Well with the recent hurricane I got to test out my preps.
I live on the coast, and the center of the storm passed within 15 miles of me.
Evacuations were ordered but I had to stick around due to work.
In the end the storm was not much more than a really bad nor'easter but the way it was looking for the longest time was that it was going to be a huge sh_t storm hence why the evacs were ordered. 9+ feet of flooding was expected.
The storm tracks all came right at us and during the last half day before the storm the tracks shifted and put the storms path within 25 miles west then 80 miles east then coming back again, ending at 15 miles east of us at the last min.
Regardless of the evac orders I got all of my valuable belongings out of my place in advanced to a friends house who lives in a more storm/flood friendly place farther inland.
I already kept supplies on hand but I went to the store ahead of the crowds and got some last minute things. As I would be working throughout the storm and not able to leave I dumped off 4 days worth of personal food/water/clothes/misc supplies at my work place.
I filled my car with gas and moved my car several miles inland and got a ride back from a friend.
The very next day everyone was reporting on the "storm of our lifetime" and the evacuations were ordered not too long afterwards.
And that is of course when everyone else went into panic mode. There long lines at every gas station and ATM, and the stores got wiped clean.
I'm glad I didn't have to fight and wait through all of that. By that time everything I could do was in place as best as it could be. All i had to do was wait.
I know a lot of people in many places are kinda pissed in several states and areas that they got ordered to evacuate and then it ended up not being as bad as predicted. Some places got hit hard and other places not so hard. Either way they are more upset at having to evacuate then they are relieved that the storm changed and was not as bad as predicted.
All I have to say is that from standing in the Storm emergency operations command center and being involved in several briefings throughout the entire ordeal from those more in the know than me, is that early predictions right up to about half a day before the eye of the storm would arrive where painting a pretty dire picture. It really was looking like it was going to be a monster.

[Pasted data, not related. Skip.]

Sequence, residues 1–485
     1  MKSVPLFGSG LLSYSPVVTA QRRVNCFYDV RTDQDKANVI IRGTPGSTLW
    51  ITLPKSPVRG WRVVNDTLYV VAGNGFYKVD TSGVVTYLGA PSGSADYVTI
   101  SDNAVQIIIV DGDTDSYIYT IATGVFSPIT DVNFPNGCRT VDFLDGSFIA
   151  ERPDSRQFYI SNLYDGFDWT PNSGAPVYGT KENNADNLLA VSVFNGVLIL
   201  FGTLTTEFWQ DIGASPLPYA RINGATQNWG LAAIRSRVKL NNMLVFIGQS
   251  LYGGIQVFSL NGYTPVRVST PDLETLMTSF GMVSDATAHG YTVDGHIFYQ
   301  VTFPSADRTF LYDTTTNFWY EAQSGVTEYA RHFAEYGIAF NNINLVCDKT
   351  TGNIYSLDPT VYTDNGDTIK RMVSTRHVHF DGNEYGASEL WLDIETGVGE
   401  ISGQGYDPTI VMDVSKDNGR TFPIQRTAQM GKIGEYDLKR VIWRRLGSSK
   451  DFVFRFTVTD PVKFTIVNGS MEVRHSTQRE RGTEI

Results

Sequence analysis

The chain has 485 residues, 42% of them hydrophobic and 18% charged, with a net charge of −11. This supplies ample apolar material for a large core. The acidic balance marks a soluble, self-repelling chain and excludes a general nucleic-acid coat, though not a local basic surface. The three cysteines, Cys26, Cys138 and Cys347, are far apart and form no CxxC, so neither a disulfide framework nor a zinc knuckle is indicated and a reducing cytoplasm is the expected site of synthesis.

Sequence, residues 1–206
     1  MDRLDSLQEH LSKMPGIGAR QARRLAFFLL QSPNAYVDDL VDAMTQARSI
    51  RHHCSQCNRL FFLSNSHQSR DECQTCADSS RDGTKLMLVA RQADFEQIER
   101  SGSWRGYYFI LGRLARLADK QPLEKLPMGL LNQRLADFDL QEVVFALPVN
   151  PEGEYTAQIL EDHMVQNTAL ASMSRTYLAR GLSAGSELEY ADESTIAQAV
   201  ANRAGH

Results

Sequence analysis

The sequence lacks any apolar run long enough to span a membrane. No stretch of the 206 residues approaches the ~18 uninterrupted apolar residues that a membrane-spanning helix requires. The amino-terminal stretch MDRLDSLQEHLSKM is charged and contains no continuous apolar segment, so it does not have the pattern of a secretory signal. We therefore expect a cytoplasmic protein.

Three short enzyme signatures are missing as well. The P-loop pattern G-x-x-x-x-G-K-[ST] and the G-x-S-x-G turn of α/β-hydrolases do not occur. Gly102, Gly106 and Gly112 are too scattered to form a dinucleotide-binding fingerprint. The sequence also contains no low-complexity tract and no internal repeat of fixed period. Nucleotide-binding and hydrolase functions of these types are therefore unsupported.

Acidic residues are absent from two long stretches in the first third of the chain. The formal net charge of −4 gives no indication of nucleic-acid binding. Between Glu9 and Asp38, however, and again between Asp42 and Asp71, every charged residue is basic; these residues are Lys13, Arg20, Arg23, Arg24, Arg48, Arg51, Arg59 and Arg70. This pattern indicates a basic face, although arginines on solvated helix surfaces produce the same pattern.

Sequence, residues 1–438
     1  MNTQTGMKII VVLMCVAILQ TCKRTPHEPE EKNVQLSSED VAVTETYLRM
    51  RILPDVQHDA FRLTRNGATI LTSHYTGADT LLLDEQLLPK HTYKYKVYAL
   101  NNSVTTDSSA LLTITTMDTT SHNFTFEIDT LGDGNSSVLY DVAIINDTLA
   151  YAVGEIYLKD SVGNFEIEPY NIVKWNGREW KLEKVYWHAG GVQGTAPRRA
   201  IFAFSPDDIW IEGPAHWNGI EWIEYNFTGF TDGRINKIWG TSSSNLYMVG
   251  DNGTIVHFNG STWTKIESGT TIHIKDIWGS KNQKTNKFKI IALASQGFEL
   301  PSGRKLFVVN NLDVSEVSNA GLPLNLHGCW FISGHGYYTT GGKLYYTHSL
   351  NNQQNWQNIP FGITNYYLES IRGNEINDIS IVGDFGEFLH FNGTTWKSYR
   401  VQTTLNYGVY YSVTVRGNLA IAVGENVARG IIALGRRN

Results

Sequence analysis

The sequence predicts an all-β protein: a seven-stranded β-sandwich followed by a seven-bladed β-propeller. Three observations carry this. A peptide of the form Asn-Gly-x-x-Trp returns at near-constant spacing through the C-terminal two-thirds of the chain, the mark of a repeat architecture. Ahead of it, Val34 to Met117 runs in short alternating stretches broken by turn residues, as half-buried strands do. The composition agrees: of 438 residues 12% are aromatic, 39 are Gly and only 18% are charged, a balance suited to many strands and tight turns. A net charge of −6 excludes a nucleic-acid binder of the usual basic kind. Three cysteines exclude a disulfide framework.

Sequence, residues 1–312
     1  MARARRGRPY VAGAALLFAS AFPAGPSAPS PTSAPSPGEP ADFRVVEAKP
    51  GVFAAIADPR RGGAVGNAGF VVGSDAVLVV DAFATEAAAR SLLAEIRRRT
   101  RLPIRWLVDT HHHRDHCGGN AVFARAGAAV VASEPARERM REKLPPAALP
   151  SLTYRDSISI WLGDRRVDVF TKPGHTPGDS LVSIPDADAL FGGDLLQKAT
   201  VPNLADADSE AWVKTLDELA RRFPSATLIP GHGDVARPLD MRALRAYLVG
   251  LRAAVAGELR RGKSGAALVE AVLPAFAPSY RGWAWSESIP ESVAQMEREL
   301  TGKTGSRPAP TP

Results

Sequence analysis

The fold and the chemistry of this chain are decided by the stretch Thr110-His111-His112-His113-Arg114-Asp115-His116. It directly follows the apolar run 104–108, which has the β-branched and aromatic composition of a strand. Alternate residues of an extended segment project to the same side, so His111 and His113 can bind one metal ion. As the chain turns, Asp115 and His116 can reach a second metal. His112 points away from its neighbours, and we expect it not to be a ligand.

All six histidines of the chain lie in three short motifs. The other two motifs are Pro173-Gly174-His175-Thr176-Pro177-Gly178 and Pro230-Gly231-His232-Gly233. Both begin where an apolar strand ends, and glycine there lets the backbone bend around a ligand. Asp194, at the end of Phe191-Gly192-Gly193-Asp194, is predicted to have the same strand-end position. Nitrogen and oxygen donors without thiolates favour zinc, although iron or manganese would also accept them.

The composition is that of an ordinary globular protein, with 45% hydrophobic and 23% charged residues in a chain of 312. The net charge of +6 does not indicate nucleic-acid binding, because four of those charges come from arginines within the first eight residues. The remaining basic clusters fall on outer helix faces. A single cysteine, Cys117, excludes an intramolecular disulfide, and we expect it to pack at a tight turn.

Thank God that a series of small factors changed at the last minute that really put a damper on the storm and its potential damage potential.
One thing lead to another and the timing of the storm coinciding with other smaller things that most people often don't consider like storm surge arrival and the high tide time and things like that really helped us.
I know a lot of people here (including me) like to poke fun at things like FEMA and all those associated with emergency disaster planning but I do have a higher level of respect for these people making the decisions.
There are so many things to consider and so many people and resources that all need to be tied together and coordinated that making plans and putting them into actions are not easy.
Especially when the weather can change so drastically within such a short time period. Like 6-12 hours. As well as hundreds of other things.
When your talking about trying to make that call whether to order evacuations or not, well. Its not an easy decision to make. Nor is it one that is taken anywhere close to lightly.
There sheer magnitude of disaster planning from dividing up an entire region for door to door notifications of evacuations to requisitioning and moving in supplies to set up storm shelters is HUUUGE.
You can plan all you want ahead of time but there are so many variables outside the control of people like local and state and federal level emergency planners that even the best plan A, B, and C, will have to be changed or altered or scrapped altogether. And then your back at square one sometimes.
For example, something as easy as where to put storm shelters....
One would think that that would be easy enough to predetermine. Things like schools, convention centers, etc.
Then you realize that on paper that looks good but in reality, 99% of "storm shelters" were not built to be solely storm shelters and they serve other purposes first.
So what ends up happening is that Shelter location A happens to be under construction/rennovation and is not usable, Shelter B is having staffing problems etc. So new plans and arraignments need to be made.
It really is controlled chaos to a certain level even under the best circumstances. And while you can table top excessive all you want, huge disasters really don't come along all that often.
Describing large scale disaster planning is like having a well funded, trained, and equipped pro level football team team that can practice all they want but they never get to play in any real games. But when they do finally get to play for real it's the freaking Super Bowl itself.
When that decision was made to evacuate it was done because all of the evidence had at the time suggested that there would be significant loss of life and property if it was not done.
Better safe than sorry when it comes to damage estimations like that.
Still a few hundred people out of hundreds of thousands did not evacuate or heed the warnings.
Patrolling around the post evacuated town was kind of eery. Where normally you would have hundreds of thousands of people, it was desolate. Every store, gas station, and restaurant was closed, parking lots were empty, you could look down for blocks and blocks and blocks and not see a single person.
It was like the zombie apocalypse only with no zombies.
At a certain time when the storm conditions got to a significantly unsafe level, all emergency operations personnel were recalled from the streets and evac route check points to pre determined safe locations.